The religious holiday of Passover is around the corner and the Rutgers Chabad House is a flurry of activity as students and Rabbis alike prepare to celebrate the holiday commemorating the Jewish Exodus from Egypt. To help prepare the Rutgers student body for the holiday, Chabad has begun an extensive Matzah Campaign. As per previous years, the programming provided through Chabad aims to provide students with information about the holiday of Passover and to provide matzah so that students will be able to celebrate Passover. This year, two student volunteers, freshman Esther S. and sophomore Effy Gittler partnered with Rabbi Shaya to make the program a success. Gittler set up and ran the annual matzah factory activities while Esther gathered volunteers to package and distribute matzah to the Rutgers student body.
The 5774 Matzah Campaign sprinted into action last Tuesday night where Rutgers Chabad’s weekly J-Café was converted into a matzah factory. Gittler, along with Rabbi Goodman, taught students reasons for eating matzah on Passover. Then, Rabbi Goodman, with the help of student volunteers, guided students in the process of making matzah by hand. During the holiday of Passover, it is forbidden to eat anything that contains leavened bread; these items are known aschametz. In order to prevent matzah, unleavened bread, from becoming chametz, it must be made quickly and carefully watched in an eighteen-minute timeframe. After a lesson in the art of matzah baking, students were invited to make their own matzah, in less than eighteen minutes. While the matzah made by the students on Tuesday night was not kosher for Passover, all students were told when and where they would be able to find matzah for the holiday.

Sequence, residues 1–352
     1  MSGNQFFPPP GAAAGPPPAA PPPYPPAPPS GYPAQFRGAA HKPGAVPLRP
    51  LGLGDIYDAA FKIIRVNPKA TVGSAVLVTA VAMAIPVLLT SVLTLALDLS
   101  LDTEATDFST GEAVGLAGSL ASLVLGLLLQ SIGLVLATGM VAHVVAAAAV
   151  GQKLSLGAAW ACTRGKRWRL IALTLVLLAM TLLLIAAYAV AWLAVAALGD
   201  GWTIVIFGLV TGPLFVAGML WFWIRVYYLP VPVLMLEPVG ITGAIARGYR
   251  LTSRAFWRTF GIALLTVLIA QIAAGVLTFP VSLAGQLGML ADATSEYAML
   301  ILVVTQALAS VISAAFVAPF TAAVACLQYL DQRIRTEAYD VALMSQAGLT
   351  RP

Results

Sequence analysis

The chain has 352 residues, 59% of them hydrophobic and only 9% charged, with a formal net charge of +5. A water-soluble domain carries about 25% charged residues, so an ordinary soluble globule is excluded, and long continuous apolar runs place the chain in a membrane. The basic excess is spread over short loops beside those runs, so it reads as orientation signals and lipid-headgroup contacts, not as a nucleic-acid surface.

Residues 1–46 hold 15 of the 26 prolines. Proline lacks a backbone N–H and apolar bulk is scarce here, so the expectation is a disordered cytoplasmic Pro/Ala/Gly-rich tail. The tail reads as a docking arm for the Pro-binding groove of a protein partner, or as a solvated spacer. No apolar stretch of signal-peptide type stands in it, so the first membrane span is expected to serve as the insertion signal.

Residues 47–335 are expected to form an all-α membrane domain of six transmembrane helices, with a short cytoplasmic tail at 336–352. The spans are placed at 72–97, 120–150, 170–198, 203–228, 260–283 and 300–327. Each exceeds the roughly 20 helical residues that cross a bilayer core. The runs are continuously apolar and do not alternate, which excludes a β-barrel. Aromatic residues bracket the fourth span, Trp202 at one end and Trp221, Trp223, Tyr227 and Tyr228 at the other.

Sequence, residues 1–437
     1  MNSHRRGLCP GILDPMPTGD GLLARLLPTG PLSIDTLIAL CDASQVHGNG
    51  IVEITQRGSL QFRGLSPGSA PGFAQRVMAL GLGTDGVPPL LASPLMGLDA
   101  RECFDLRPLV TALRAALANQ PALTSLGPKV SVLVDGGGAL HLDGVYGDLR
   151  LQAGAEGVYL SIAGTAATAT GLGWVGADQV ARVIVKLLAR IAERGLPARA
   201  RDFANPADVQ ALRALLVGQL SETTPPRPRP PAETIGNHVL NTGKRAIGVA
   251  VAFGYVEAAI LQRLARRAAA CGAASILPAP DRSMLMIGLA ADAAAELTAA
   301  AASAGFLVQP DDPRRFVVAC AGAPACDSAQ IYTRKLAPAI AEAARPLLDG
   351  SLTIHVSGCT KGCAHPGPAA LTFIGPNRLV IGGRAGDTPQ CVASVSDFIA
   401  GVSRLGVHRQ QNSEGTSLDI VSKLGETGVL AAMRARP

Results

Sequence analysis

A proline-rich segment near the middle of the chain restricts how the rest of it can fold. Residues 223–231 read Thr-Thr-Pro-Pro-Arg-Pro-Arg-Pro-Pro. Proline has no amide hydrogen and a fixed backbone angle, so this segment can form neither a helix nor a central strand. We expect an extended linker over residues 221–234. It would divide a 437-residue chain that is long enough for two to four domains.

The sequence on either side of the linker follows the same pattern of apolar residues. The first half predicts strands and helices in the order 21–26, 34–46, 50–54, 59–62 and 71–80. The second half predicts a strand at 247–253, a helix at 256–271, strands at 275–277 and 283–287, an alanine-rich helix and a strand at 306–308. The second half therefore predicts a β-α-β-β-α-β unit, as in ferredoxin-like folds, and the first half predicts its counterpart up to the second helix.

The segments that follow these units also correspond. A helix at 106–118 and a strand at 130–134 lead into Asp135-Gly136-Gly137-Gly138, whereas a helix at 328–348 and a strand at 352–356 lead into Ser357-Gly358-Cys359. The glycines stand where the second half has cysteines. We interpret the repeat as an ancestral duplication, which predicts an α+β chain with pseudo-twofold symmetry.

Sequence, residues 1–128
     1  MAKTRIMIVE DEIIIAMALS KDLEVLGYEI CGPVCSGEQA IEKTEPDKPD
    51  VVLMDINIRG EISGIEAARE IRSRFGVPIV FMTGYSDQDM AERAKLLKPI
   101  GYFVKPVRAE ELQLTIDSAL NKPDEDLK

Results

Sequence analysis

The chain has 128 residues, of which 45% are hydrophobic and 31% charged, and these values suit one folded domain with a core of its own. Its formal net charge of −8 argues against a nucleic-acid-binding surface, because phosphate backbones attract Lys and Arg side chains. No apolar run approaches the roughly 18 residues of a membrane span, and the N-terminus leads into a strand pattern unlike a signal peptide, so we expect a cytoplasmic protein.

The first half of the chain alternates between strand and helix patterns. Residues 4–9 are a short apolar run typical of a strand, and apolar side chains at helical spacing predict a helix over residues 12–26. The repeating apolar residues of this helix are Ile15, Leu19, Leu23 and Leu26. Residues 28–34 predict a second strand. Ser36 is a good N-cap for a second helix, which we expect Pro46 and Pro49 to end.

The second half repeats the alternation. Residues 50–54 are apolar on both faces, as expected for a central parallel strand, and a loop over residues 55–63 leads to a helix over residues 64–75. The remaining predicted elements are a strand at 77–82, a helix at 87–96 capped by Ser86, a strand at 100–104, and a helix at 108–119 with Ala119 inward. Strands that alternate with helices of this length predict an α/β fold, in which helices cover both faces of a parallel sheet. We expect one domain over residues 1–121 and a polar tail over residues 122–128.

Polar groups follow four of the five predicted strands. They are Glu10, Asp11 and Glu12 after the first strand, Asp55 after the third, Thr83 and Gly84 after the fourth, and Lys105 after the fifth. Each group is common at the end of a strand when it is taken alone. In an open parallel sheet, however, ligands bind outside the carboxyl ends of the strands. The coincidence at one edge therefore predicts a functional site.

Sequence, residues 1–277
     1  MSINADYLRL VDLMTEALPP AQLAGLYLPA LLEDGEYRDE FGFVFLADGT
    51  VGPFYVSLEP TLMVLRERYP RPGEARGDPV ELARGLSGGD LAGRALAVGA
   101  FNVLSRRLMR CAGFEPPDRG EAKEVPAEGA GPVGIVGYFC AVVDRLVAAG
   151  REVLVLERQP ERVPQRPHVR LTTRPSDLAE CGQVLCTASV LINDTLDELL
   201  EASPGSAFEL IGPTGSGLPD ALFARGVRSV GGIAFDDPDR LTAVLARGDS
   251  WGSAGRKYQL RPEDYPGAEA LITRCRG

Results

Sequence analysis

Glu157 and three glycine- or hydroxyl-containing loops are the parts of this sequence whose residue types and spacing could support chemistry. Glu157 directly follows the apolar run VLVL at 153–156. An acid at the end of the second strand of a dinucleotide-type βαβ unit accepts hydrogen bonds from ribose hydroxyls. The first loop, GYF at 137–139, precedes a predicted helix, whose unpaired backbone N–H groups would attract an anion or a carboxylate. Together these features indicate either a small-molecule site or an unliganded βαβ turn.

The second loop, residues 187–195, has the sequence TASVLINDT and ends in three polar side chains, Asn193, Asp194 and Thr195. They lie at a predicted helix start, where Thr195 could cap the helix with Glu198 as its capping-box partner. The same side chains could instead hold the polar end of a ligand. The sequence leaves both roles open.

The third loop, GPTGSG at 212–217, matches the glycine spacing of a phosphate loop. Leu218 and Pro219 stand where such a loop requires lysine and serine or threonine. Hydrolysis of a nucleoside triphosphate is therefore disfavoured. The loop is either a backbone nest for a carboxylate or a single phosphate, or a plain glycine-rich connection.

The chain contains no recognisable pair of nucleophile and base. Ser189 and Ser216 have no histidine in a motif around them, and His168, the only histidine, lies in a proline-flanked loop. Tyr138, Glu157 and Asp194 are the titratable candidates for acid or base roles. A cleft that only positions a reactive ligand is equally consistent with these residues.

The matzah factory was followed by an intense matzah packing and delivery campaign. The objective this Passover is to ensure that all Jewish students at Rutgers have access to matzah so that they may celebrate Passover. When asked why they are participating in the matzah delivery campaign, numerous students echoed the same sentiments as the Chabad Dorm’s resident assistant Ben Hutt, “The matzah factory was a way to learn about Passover and matzah. It also gave me an opportunity to help give others the opportunity to celebrate such a fun holiday!” Currently, dozens of students may be found throughout Rutgers campuses giving out matzah to all students who are interested in celebrating Passover. The best part about giving out Matzah to students throughout Rutgers was “reaching out to students who either had little to no background in the holiday of Passover. Students were happy when we approached and talked to them; it was rewarding to see the impact we had on student,” said Esther. Students who have classmates and professors that are Jewish are encouraged to pick up boxes ofshmurah matzah (hand baked with special flour that was under supervision from the time of harvest to present, to insure that it would not come in contact with water) at the Chabad House on their behest.
The Matzah Campaign will continue full blast throughout Passover. All Rutgers students and affiliated members are welcomed and strongly encouraged to join Chabad throughout Passover. Chabad will be providing free Passover Seders both Monday night 14th and Tuesday night 15th. In addition, the Chabad Kosher Meal Plan will be serving an all-Passover approved menu throughout the eight days and nights of Passover.
For more information like Rutgers Chabad on Facebook at:https://www.facebook.com/pages/Rutgers-Chabad/229198690449958, call 732-296-1800